A memory to look back upon….

    


Love for the Local Church

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I knew the Church long before I knew Jesus. It’s where we were first introduced. His name whispered humbly and reverently in the prayers of His people. His name boldly proclaimed in petitions and healings, and shouted with enthusiasm in worship and song. Yet, I did not know what it meant to call Him mine until many years later. I didn’t know what joy and love would be found by calling Him my friend. The peace and gratefulness I would own by proclaiming Him as my Savior. Nor did I know the hope and boldness that would come with obedience to my King. I know and treasure all these things now, largely because of influence of the Church and the faithfulness and struggle of a bunch of imperfect people who love and strive to follow Jesus with their lives.

For forty years, the local church has been woven into the very fabric of my life. Less about a building and more about the people, it’s been a special place that has brought me warmth and familiarity, irritation and conviction, and firm grounding with love as I have grown in my faith and as a follower of Jesus.

Just as with any relationship, the Church and I have had a long, rich, complex one. I’ve experienced seasons and degrees of willingness, activeness and involvement. I’ve been stubborn and ungrateful, a complainer and a critic . . . a consumer. At times, I’ve gone to church for the wrong reasons with wrong heart intentions and sat through many services with wrong thoughts. And if you know my story, you know that I never wanted to be a pastor’s wife.

Often the things you never wanted are the very things you are to embrace. And you might just find that the very thing you never wanted to do is the very thing you love and are called to do – as you allow the Holy Spirit space to work. All those years, all those church services, the influence of so many faithful people, so many Bible studies, camp devotions, rededications, worship songs and hymns, forty years of prayers prayed over me, for me and by me have cumulated and forged in my heart (and life) a great love for Jesus, His people, and for the local church.  I love the local church.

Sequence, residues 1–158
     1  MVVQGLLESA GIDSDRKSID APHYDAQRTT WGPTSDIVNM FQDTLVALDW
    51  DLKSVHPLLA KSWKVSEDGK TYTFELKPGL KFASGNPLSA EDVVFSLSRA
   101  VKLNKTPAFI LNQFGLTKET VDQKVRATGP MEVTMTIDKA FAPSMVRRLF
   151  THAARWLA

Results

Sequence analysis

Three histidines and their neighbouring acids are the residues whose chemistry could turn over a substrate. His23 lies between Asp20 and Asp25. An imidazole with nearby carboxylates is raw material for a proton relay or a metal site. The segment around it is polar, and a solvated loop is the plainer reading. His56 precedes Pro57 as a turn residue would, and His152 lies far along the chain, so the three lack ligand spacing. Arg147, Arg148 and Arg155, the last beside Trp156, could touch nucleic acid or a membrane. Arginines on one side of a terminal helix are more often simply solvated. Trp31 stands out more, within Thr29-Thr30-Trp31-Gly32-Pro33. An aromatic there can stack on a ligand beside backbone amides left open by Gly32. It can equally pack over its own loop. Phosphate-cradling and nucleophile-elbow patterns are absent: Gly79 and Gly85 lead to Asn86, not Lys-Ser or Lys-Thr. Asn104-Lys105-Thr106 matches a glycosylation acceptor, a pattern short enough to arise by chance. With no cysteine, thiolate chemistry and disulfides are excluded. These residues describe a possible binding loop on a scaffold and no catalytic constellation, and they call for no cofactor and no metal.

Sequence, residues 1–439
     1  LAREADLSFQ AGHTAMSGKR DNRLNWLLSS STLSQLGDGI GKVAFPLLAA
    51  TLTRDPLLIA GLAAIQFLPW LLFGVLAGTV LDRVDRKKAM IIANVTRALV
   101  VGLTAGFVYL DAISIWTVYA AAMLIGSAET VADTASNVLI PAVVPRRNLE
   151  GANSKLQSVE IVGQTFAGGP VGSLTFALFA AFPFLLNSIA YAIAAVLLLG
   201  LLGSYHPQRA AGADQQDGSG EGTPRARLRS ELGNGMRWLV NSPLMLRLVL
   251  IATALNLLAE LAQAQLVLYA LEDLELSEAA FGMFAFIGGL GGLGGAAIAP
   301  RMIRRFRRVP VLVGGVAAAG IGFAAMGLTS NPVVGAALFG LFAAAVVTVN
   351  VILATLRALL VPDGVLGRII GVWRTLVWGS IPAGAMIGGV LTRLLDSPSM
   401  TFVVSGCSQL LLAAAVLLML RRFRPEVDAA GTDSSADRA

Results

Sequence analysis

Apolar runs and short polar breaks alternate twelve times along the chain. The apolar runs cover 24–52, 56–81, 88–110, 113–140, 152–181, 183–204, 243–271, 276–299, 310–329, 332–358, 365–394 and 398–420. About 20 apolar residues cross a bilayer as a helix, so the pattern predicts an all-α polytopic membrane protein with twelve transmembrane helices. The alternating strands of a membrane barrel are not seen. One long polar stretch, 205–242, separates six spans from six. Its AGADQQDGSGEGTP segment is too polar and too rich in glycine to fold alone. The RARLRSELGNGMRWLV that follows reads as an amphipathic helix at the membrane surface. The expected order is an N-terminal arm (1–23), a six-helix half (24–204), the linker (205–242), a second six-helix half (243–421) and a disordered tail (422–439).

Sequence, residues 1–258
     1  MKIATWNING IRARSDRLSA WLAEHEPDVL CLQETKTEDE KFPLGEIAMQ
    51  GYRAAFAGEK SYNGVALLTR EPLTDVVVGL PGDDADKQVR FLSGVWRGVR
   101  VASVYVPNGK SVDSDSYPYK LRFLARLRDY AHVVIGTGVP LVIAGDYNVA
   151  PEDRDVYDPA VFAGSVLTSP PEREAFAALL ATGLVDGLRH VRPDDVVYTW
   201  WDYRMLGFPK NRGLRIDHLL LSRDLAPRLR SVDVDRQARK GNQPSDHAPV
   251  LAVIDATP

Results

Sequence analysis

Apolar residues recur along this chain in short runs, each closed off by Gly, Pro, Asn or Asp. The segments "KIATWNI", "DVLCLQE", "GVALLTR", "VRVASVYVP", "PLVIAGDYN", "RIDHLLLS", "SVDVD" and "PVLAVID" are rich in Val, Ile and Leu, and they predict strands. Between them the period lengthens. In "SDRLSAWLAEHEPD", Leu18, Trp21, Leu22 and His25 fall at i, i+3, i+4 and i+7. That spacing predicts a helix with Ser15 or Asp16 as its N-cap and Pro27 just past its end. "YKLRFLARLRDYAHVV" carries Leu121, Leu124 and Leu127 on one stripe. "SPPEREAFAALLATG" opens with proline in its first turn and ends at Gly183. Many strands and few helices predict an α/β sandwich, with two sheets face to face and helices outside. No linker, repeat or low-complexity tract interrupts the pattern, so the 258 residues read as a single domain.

The local church with all its faults, imperfections, and humanity is a very unique place.  It is a place where I have found the importance and value of being connected in a community with believers who are also working out their lives of faith and learning to love God and love others. It’s a place where I have been encouraged, equipped and challenged to figure out exactly what I believe, why I believe it, and what to do with this transformational truth I carry. It’s given me space to grow in my faith, helped me learn patience and practice extending grace. The church is not perfect because people are not perfect, but I see a desire in the local church to do better, to figure these things out. To change the perspective of what church is.

But most importantly, I love the church because it is where I met, fell in love with, and surrendered my life to Jesus. And the more deeply I fall in love with Jesus, the more I love what He loves. Jesus loves people. He loves His church. In Acts 20:28, the Bible tells us that Jesus loves the church so much He bought it with his own blood.

This motivates me to want to be the best shepherd I can, and advocate for my local church. With so many options, worship styles, changing culture surrounding how we “do” church, it is important to continually remember that God has placed us here together in this time as his local family of believers.  We gather together to worship and proclaim Jesus, encourage each other in his mission, and bear witness to his forgiveness, reconciliation, and the transformational power of hope, love, and joy found in Him.